Rem and I discovered the original recipe for this stew when we started experimenting with Indian recipes at home a few years ago.  Indian is one of our favorite cuisines and we love to try new Indian recipes!  If you're not the adventurous type or think you don't like Indian cuisine, this stew might be a good stepping stone for you because the flavors are sweet and warming but not too overpowering.  

The original recipe is a vegetarian stew, but we like meat in all of our meals, so we added chicken to the mix.  We also subbed chicken stock for some of the water, replaced the red potatoes with sweet potatoes, and added peas.  I can imagine many other meat/vegetable substitutions would be great as well! Just keep that onion, garlic, and spice mixture! 

This is a great recipe to make for a big group OR if you want to have a lot of leftovers because it makes a LOT.  We never have enough leftover to freeze, but it would freeze well!  

Indian Chicken and Vegetable Stew

(Makes 10-12 generous servings)
Adapted from Eating Well

2 lbs. chicken thighs, baked with cumin, coriander, garlic powder, salt, pepper

2-3 T extra virgin olive oil
3 large onions, chopped
6 cloves garlic, minced

2 tsp cumin seeds
2 tsp ground cumin
2 tsp ground coriander
2 tsp ground cinnamon
1/2 tsp cardamom
1/4 tsp cayenne pepper
10 good grinds black pepper

2 c unsalted chicken stock (I used Kitchen Basics brand)
2 large sweet potatoes, scrubbed and chopped into bite-sized pieces
3 cups baby carrots, chopped into bite-sized pieces
2 cups frozen peas
2 15 oz. can garbanzo beans, drained and rinsed
2 15 oz. cans fire roasted diced tomatoes

3/4 c fresh cilantro, chopped

whole milk, plain Greek yogurt for topping

The day before (or earlier in the day): bake chicken thighs then cut into bite-sized pieces.  Save for later use in the soup.  (You could also just use any kind of leftover chicken).  

To prep: Cut the onions (place in dutch oven), cut the sweet potatoes (leave on cutting board), and mix together the spices in a small bowl.  

Saute onions in large dutch oven or stockpot over medium high heat.  Cook until the onions begin to brown just a little.  Add garlic and saute 1-2 minutes.  Add all of the spices and saute 1 min longer.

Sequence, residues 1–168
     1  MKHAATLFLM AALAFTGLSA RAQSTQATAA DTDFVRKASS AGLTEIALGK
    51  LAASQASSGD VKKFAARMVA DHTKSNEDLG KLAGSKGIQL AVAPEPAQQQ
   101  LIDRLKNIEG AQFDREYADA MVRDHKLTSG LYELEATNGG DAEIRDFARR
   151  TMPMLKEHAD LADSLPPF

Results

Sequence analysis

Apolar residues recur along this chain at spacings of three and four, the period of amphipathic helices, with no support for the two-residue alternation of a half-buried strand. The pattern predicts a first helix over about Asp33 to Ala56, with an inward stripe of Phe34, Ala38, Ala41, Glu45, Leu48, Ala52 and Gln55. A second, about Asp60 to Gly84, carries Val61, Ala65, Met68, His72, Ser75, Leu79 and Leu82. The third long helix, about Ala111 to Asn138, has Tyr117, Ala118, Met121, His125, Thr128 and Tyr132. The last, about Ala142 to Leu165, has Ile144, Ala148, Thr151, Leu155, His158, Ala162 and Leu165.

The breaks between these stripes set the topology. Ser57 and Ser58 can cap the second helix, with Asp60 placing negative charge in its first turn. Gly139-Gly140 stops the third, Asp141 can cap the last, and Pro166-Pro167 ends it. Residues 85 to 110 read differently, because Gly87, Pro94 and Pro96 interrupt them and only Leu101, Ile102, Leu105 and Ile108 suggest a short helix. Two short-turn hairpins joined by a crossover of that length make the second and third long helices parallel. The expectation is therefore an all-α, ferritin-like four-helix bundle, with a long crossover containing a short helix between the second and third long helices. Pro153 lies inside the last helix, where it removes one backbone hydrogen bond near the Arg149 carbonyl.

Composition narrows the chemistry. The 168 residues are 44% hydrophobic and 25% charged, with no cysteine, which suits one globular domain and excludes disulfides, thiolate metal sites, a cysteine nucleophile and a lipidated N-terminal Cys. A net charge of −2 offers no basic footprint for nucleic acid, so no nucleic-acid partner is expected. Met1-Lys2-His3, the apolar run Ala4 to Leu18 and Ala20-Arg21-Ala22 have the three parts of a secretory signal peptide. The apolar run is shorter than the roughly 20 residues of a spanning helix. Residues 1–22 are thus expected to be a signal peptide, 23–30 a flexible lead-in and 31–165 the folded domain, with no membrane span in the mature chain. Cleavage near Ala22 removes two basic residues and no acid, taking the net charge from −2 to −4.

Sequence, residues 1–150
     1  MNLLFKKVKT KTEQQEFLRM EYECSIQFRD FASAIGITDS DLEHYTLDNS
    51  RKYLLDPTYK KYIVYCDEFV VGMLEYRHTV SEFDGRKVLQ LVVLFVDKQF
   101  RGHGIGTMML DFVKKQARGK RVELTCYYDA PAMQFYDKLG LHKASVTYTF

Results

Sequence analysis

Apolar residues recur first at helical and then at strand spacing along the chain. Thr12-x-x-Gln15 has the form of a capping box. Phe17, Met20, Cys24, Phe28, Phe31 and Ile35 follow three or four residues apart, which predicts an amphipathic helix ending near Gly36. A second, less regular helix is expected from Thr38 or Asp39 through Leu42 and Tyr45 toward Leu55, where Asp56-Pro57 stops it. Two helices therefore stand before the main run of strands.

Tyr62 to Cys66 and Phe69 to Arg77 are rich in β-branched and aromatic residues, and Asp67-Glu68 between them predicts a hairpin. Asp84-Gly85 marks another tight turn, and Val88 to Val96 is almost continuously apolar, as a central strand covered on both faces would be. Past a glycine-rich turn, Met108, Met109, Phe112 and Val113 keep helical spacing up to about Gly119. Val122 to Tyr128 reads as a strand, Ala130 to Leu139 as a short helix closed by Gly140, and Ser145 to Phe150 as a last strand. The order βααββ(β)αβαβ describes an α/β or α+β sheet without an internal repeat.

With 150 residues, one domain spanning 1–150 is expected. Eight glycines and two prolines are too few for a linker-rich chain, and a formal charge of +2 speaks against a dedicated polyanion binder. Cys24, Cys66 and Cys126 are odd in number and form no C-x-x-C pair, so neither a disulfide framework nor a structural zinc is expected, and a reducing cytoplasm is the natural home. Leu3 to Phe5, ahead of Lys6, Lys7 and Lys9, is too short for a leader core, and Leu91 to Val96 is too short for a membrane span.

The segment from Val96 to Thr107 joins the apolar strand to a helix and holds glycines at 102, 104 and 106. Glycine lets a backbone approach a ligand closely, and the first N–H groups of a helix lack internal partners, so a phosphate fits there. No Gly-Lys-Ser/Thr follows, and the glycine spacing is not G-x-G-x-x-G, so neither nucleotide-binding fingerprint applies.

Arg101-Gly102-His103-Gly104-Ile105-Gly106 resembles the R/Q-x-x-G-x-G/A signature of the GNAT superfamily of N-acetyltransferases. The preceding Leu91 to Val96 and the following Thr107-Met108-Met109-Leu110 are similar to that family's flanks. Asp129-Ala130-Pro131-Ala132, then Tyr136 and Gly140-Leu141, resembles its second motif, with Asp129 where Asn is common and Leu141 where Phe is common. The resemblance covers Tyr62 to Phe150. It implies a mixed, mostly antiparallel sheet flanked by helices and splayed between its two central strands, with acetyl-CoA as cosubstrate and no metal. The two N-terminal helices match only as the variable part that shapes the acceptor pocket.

Next add the sweet potatoes, 2 c chicken stock and 2 c water.  Cover the pot and simmer for 15 minutes.

Then add the carrots, frozen peas, garbanzo beans, and tomatoes.  The pot will be very full at this point.  Cover the pot again and turn the heat down to medium-low.  Simmer for 1 hour, stirring occasionally, or until the carrots and sweet potatoes are cooked through.  

When ready to serve, stir in the cilantro.  This is great served with plain Greek yogurt on top too!  

Saturday, February 15, 2014

Paleo Moussaka

When I studied abroad in Greece, I discovered an amazing dish called Moussaka. Traditionally, this casserole is made with spiced ground lamb, eggplant, potatoes, and a creamy milk and flour based bechamel sauce on top.  It is hearty and homey like a good lasagna but with a more "exotic" flavor set.  A few weeks ago, Rem discovered a recipe for a paleo moussaka on the blog Real Food Forager.  We adapted it slightly to make a LOT more and to use ingredients we had on hand.  We've actually made it twice in the past few weeks and it turned out fantastic both times.  The bechamel sauce is unreal. As you can see in the pictures, broiling the moussaka for the last few minutes gives the bechamel that crusty, delicious brown on top which is reminiscent of broiled cheese.  There is still some in the fridge that I may need to go eat right now...  By the way, this tastes great cold as well as piping hot.  Is it weird that I tend to eat all of my leftovers cold?  Does anyone else do that?

Before baking.

After baking.  Mmmm....

Paleo Moussaka

Slightly adapted from Grassfed Girl via Real Food Forager

2 T coconut oil
2 small onions of 1 large onion, chopped
4 cloves garlic, minced
sea salt and pepper
2 lb. antibiotic and hormone-free ground turkey
2 tsp. cinnamon
1 6 oz. can organic tomato paste
1 15 oz. can organic no salt added tomato sauce
2 medium eggplants, skin peeled and chopped into bite sized pieces

2 cans full fat coconut milk
1/2 c arrowroot powder (I buy Bob'd Red Mill brand, which I have found at Kroger, Earth Fare, and Meijer)
2 eggs

Preheat oven to 375 degrees.  Melt coconut oil in large saute pan.  Add onions and garlic, saute 5 minutes. Add the ground turkey, salt, pepper and cinnamon. Cook, breaking up turkey, until ground turkey is cooked through. Add tomato paste, tomato sauce, and 1/2 can of water.  Stir and cook this for about 5 minutes more.
Meanwhile, grease 2 13x9 inch pans with coconut oil.  Peel and chop the eggplant into bite-sized pieces.  Place 1/2 of the eggplant pieces into each pan.  Then pour the meat mixture on top of the eggplant in each pan, splitting the amount evenly between the 2 pans.  

To make the bechamel sauce, mix 1 can of coconut milk with the 1/2 c arrowroot powder.  Pour of other can of coconut milk into a large sauce pan and heat until it starts to bubble (but not a full blown boil).  At this point, add the coconut milk/arrowroot powder mixture and whisk continuously until the sauce is very thick. Then remove the sauce from the heat, crack the 2 eggs into it, and whisk until the eggs are incorporated and the mixture is smooth. Pour the bechamel sauce over the meat mixture in each pan, splitting the amount evenly between the 2 pans.